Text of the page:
One of the Few

This story takes us back to Massey combine restorer and collector Andrew Blagg from Nottingham England who has previously been featured on Yellowswirl returns with his MH 21 model, one of very few machines now still working in the UK.Despite Andy's very busy life as a contractor he hasn't wasted anytime in starting work on his latest purchase, this combine was quite an  unexpected addition as he went and looked at a fellow vintage collectors line up of machinery and inevitably ended up with the 21 as the owner had decided to downsize some of his collection.

The combine was in very good condition and had over its working life been fitted with various parts and canvas and was in working condition but would require a lot of tlc if it was to ever see any harvest action again. 

 Andrews combine is a 1945/6 model fitted with a petrol Chrysler 5.7 engine approximately 55hp, it is not known when the combine arrived here in the UK but what we do know now is there are very few working examples left in the UK so it's thanks to Andy and his team at Nottingham that at least this one will survive to remind us all just how far we have come from those humble beginning.

The Massey Harris 21 combine was indeed one of the most iconic models ever built, it was responsible for changing the way crop harvesting was carried out worldwide and things would never be the same again.

Just  before the outbreak of World War 2 Massey Harris had built the model 20 and shortly there after the 21 model followed and proved very successful in many trials throughout the country. The name Combine comes from the fact that these self propelled models could combine several jobs i.e. Cutting thrashing and separating actions all in one operation, unlike the various other methods used before which had to be towed by a tractor or indeed pulled by teams of horses.

In 1944 the American government was persuaded to allow the use of enough raw materials to allow Massey Harris to build 500 combines and this year we saw the launch of the Harvest brigade that carried out the harvesting of over Million acres by this vast team of men and their machines, and as the war years came to an end the battle to feed this great nation would be won also by this very humble machine which would come to symbolise the start of the self propelled revolution in combine harvesters that has continued to this very day.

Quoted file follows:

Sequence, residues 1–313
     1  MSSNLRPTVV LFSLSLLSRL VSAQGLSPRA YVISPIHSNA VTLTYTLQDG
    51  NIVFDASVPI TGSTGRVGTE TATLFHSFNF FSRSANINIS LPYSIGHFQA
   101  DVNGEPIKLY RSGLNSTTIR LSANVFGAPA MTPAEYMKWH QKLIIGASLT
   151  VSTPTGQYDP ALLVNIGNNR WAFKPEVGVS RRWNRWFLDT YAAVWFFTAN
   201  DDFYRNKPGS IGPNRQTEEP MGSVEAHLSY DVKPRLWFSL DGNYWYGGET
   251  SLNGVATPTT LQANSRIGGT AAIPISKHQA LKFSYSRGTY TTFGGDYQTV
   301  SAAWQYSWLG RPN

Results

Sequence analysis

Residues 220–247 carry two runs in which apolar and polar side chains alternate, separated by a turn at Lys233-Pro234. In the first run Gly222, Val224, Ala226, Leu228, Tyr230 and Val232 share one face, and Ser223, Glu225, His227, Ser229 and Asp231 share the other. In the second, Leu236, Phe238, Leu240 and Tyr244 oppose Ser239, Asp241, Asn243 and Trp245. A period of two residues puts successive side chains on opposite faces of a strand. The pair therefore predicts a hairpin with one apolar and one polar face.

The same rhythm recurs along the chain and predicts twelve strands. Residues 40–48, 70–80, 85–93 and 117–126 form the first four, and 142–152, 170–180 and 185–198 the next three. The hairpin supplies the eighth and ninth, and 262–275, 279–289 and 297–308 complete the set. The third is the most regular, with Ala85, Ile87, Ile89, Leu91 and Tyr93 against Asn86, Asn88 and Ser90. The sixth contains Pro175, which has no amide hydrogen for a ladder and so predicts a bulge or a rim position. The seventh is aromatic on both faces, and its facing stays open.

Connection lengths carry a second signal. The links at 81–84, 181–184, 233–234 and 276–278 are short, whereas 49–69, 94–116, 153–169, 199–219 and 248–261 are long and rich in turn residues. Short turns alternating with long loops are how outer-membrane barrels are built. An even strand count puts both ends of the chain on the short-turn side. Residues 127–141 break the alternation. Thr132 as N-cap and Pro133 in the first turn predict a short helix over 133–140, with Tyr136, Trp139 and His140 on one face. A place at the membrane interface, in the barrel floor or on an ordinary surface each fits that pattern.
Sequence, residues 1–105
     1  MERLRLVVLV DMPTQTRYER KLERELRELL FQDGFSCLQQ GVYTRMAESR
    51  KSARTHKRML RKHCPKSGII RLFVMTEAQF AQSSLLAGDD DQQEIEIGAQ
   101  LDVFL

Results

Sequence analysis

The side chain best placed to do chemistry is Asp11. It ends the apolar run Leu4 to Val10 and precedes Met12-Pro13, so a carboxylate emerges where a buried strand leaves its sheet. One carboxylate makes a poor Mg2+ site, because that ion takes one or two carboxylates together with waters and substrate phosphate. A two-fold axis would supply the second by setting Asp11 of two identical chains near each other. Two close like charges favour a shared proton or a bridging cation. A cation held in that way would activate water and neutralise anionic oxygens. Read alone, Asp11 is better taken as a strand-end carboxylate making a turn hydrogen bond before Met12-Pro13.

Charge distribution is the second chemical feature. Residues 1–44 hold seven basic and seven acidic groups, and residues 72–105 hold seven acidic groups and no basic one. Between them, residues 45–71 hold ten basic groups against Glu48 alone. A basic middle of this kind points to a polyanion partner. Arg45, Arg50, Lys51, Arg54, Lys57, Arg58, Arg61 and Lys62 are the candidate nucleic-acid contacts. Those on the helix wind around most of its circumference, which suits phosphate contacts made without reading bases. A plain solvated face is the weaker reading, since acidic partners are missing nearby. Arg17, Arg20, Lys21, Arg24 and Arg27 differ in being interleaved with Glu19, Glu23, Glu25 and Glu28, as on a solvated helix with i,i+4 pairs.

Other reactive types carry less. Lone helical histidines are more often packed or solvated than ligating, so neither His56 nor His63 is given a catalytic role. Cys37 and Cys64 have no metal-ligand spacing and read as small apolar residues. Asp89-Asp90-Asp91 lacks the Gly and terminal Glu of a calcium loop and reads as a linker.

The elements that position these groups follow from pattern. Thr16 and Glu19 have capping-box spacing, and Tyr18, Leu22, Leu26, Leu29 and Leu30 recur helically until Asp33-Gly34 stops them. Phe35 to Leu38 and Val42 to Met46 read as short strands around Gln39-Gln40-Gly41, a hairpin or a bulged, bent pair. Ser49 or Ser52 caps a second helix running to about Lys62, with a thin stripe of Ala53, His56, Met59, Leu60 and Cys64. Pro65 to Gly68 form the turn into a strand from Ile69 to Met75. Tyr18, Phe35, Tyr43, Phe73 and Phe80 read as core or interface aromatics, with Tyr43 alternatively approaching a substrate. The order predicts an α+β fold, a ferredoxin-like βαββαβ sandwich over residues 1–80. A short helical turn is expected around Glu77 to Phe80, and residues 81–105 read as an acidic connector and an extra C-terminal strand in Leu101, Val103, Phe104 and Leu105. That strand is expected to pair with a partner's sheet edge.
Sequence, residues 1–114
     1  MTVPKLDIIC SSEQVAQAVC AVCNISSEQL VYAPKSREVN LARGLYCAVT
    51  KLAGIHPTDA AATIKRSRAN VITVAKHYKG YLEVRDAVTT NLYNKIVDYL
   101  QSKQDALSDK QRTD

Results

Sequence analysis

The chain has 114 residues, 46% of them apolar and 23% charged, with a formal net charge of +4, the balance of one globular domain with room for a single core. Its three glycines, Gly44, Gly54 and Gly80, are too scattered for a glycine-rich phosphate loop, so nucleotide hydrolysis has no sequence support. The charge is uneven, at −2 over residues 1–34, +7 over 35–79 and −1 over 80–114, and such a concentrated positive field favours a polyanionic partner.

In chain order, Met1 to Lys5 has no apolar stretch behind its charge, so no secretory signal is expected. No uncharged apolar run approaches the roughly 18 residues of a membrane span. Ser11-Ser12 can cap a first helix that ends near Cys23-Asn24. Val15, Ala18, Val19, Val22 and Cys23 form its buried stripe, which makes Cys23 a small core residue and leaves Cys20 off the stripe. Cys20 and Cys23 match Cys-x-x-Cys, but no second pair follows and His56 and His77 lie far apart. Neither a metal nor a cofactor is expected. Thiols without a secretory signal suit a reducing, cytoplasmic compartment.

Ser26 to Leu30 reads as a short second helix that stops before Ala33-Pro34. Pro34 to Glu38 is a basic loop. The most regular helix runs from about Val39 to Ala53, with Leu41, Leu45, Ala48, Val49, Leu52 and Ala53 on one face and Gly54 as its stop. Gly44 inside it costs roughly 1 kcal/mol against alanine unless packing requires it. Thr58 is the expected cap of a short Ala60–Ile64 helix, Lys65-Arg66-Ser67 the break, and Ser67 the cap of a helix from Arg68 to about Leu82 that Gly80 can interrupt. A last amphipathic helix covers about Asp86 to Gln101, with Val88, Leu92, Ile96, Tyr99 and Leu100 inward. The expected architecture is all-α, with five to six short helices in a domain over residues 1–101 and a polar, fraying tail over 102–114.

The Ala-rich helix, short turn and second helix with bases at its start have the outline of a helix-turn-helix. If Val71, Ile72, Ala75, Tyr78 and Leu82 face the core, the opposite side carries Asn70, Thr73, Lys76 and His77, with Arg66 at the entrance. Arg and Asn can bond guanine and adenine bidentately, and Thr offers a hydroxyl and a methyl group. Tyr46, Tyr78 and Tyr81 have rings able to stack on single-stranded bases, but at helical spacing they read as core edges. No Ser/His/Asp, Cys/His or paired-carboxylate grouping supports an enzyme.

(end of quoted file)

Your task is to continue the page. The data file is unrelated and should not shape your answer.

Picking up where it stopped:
The work that lies ahead is quite formidable!

The next chapter of this combines life awitsi it!

Most of it is there! But plenty to do.

The proud name of Massey Harris still instantly regonised despite its 70th year vintage!
Work is carried out on the rear hood with numerous points of corrosion to deal with.

The strip down of this combine continues nothing is left to chance, every working part took off inspected refurbished!

The sieves removed for cleaning and inspection, these are very difficult to repair as we have found out on our refurbishments!

Piece by piece is repaired treated with anti rust primer and painted. This is the guardiver the grain elevator

Painting of the mid section before the engine is reasembelled

The stripped out operators station receiving its coat of colour

Left side of the operators platform looking bare and receiving its colour that hopefully will sustain it another 70 years!

The Chrysler engine is shoehorned back into its workplace under the elevator and cylinder house, it is ran up and connected to the main cylinder drive to check for alignment.

After many months of toil the wheels are returned a major landmark that will make it much easier for Andy to move it around in his workshop.

The ivory cream colour scheme of the wheels are a striking contrast to the deep red of the combine.

MH 21 Restoration

More pictures to follow on MH 21 part 2